We adopt a slightly different notation which is related in a more strict way to recent research in point-free geometry. So, in accordance with *PR*, we use the word “region” instead of “event.” Also, we call inclusion relation the converse of the extension relation and we refer to the partial order £ rather than to the strict partial order. In accordance, we can reformulate the list of properties proposed by Whitehead into a simple first order theory whose language L_{£} contains only a binary relation symbol £.

Definition 2.1. We call inclusion based point-free geometry the first order theory defined by the following axioms:

(i)“x(x£x) (reflexive)

(ii)“x“y“z((x£zÙz£y) Þx£y) (transitive)

(iii)“x“xy(x£yÙy£xÞx=y) (anti-symmetric)

(iv)“z$x$y(x<z<y) (there is no minimal or maximal region)(

v) “x“y(x<yÞ$z(x<z<y)(dense)(

vi) “x“y$z(x£zÙy£z)(upward-directed)(

vii) “x“y(“x’(x’<xÞx’<y)Þx£y).

We call *inclusion space *any model of this theory.

Then, if we denote by £ the interpretation of £, an inclusion space is a structure (*S*,£) where *S *is a nonempty set and £ an order relation with no minimal or maximal element which is dense, upward-directed and such that, for every region *x*, *x* = *sup*{*x’*Î*S:* *x’*<*x*}.

The existence of suitable mathematical models for the inclusion-based point-free geometry is a basic question, obviously (in spite of the fact that Whitehead seems to understimate it). To argue how this should be done, recall that in the case of non-Euclidean geometry, Poincaré, Klein and others authors proposed models which were defined from the usual Euclidean spaces. In the same way, we are justified in defining models of point-free geometry by starting from a *n-*dimensional(point-based) Euclidean space *R ^{n}* (where

*R*denotes the real numbers set). In accordance, we have to propose a suitable class of subsets of

*R*to represent the notion of region. To do this, usually in literature one refers to the regular subsets of

^{n}*R*.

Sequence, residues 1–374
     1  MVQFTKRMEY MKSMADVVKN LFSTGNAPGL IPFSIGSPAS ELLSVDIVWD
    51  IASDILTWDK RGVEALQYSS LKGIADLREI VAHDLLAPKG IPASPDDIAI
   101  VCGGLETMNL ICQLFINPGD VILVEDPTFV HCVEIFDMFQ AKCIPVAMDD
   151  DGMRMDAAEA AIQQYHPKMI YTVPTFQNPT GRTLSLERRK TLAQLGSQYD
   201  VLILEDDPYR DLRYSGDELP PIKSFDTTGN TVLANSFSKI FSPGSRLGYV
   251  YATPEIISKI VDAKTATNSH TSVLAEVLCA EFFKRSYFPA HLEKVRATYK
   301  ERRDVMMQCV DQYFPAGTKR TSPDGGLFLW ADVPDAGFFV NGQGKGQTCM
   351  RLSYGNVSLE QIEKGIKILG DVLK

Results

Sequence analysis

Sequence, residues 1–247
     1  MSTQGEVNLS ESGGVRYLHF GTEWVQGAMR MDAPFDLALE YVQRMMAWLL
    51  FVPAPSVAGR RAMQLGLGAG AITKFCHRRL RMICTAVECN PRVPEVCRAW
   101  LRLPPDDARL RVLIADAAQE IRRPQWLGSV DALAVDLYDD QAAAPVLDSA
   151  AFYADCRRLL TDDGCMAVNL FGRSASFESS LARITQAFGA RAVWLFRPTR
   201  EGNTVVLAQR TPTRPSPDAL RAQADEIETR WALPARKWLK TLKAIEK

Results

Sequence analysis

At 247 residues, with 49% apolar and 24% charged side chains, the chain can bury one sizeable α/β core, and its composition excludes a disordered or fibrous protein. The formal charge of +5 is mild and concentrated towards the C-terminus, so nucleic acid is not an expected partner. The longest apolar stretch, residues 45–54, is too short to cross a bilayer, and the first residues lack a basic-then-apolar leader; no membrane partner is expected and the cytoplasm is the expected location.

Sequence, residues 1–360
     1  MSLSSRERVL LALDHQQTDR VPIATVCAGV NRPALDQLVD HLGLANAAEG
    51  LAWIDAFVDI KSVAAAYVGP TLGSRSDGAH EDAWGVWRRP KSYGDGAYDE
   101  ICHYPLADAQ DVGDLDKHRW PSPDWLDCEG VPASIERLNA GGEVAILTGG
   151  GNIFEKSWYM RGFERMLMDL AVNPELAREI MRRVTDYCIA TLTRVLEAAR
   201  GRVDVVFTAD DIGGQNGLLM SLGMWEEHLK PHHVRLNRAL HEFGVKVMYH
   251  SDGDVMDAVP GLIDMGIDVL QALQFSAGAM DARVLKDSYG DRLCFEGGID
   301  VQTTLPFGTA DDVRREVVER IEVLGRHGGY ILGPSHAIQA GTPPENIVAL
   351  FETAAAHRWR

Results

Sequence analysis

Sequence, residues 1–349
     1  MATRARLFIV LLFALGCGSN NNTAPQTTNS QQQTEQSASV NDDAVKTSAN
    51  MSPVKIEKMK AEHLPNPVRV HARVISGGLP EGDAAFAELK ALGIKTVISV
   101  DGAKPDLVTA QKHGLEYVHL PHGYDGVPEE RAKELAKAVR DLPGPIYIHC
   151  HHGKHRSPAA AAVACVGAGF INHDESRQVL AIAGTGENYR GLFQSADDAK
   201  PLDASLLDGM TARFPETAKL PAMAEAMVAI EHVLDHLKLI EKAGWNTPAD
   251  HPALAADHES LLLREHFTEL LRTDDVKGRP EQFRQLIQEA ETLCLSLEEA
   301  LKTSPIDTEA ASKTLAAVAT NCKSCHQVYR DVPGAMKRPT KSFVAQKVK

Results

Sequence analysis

^{n}Definition 2.2. We call *closed regular* any subset *x *of *R ^{n}* such that

*x*=

*cl*(

*int*(

*x*)) where

*cl*and

*int*denotes the closure and interior operators, respectively. We denote by

*RC*(

*R*) the class of all the closed regular subsets of

^{n}*R*.

^{n}There are several reasons in favour of the notion of regular set. As an example, in accordance with our intuition, the closed balls and the cubes of three-dimensional geometry are regular sets. Instead, points, lines and surfaces are not regular (in accordance with Whitehead’s aim to define these geometrical notions by abstraction processes). Moreover the class *RC*(*R ^{n}*) defines a very elegant algebraic structure. Indeed it is a complete atom-free Boolean algebra with respect to the inclusion relation. More precisely, to obtain a model of Whitehead’s axioms we have to refer to a suitable subclass of

*RC*(

*R*). In fact, Axiom

^{n}*iv*) says that the whole space

*R*and the empty set Æ are not seen as regions by Whitehead. Also, it is evident that Whitehead refers only to bounded regions. Otherwise, for example, the proposed notion of “point” (see Section 4) should be not able to exclude points “at infinity”. This leads to assume as natural models of the notion of region the bounded nonempty closed regular sets.

^{n}Theorem 2.3. Let *Re *be the class of all closed nonempty bounded regular subsets of *R ^{n}*. Then (

*Re*,Í) is an inclusion space we call

*the canonical inclusion space*.